"Am I Going To Regret This?! Intricate Stranded Hat That Will Actually Fit A Human Head

Speaking of tension issues with regards to stranded knitting... Stranded knitting requires a particular kind of patience. Socks that do not fit size 9 feet = hats that would fit a baby bird. And Henry would like a stranded hat made with an image of Hedwig from Harry Potter on it. I have gray and white yarn, so I have no excuse not to try this. But...eeks. This is going to require swatching. 😭

"The Owlery" by Ingrid Carre

Praying That It Will Be Gorgeous, Complicated Lace Shawl

I have knit a lace shawl before. But only one. And it did involve some blood, sweat, and tears, especially when I dropped a stitch in the main lace section.


I want to knit a lace shawl before Rhinebeck with a design inspired by the mid-Hudson bridge. The pattern is not available online, but it is *beautiful* and I have hand dyed yarn with a colorway intended for this specific pattern. That's a lot of pressure if I screw it up! :0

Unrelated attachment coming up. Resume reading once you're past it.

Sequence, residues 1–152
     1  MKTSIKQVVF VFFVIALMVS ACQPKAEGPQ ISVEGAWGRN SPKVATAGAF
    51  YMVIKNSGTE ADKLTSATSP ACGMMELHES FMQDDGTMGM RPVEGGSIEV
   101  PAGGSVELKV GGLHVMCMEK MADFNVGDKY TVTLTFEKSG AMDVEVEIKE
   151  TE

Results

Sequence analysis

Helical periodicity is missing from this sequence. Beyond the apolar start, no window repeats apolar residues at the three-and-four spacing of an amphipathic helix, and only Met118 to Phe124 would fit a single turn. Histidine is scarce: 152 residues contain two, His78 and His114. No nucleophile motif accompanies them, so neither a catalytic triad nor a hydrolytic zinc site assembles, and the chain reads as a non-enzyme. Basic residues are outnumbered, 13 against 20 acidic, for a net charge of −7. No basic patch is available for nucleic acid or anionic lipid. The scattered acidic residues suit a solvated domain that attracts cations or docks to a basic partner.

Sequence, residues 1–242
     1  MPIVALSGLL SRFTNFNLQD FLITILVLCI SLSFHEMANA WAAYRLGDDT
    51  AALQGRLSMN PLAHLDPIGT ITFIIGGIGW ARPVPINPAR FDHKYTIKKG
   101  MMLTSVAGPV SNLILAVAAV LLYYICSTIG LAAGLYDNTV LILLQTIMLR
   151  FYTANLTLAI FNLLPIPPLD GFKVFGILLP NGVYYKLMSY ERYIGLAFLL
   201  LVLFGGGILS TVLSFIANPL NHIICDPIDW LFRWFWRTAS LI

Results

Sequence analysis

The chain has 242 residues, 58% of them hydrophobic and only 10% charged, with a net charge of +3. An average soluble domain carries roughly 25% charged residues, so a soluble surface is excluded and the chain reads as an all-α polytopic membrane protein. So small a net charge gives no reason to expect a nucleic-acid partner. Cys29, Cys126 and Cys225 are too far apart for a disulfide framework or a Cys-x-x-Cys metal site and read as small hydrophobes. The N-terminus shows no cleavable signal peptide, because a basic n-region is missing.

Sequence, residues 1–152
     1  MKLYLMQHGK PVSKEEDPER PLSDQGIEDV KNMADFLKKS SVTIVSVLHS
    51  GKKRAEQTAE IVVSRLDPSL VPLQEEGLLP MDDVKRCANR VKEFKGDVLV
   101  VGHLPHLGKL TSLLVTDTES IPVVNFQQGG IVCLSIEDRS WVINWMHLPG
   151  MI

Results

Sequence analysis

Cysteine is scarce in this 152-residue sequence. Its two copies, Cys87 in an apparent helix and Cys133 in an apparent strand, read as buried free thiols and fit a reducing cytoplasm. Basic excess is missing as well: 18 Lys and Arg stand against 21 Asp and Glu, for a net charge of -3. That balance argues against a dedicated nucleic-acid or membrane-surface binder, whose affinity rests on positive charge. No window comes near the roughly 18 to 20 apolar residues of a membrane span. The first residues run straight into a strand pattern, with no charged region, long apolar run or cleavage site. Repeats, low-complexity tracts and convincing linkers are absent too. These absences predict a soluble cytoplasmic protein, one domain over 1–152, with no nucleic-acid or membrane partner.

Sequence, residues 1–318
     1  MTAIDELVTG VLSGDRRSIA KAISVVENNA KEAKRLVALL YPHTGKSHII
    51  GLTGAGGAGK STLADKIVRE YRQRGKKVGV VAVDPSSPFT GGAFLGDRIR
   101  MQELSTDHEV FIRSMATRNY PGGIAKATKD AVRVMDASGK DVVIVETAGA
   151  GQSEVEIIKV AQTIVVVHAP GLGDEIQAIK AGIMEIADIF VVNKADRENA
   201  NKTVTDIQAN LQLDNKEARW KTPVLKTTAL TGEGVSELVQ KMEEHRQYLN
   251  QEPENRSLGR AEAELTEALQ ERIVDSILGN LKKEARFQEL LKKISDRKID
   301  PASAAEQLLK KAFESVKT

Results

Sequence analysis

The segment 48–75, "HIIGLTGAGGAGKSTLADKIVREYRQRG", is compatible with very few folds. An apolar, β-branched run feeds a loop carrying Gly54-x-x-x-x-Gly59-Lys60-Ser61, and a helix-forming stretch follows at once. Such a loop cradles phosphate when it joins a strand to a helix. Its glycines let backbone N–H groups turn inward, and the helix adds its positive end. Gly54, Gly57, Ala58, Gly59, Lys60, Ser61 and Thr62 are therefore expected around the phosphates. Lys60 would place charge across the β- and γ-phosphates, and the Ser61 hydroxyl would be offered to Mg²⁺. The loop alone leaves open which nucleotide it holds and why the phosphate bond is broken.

A Rhinebeck Sweater

Speaking of Rhinebeck, a "Rhinebeck sweater" is a traditional rite of passage each year for all knitters, and I *really* want to knit one that I've had in my queue for all time and eternity:

"Autumn's End" by Alana Dakos
Yes, more falling leaves, because I am obsessed with them. Don't judge. :0 I even have this very featured yarn in my stash!

Colorwork Sweater For Anne

More sweaters! I've been promising Anne one for a few years now, and I just cast on for this one:

"Little Lighthouse" by Carrie Bostick Hoge
She picked out a bright blue/green yarn, and I'm using neutral colors from my stash for the colorwork yoke. 😇 I'm hoping to have this done for her for the fall.

School Cardigans for Anne and Autumn

Anne and her adorable friend Autumn both attend Catholic schools with a navy blue uniform. I said last year that I'd like to knit them navy blue cardigans that are comfy, rather than the scratchy wool ones a person tends to find in the uniform stores or JCPenney. It is also infinitely less expensive to buy a navy blue cotton/acrylic blend yarn than to buy the sweaters.  I excitedly bought the yarn during a sale, and well...I haven't knit them. :0 Do you think I could get both done by September? eeks!

"Little Hiker's Cardigan" by Melissa LaBarre
I'm really enthused about this pattern. I think the garter stitch will be so stretchy and comfy!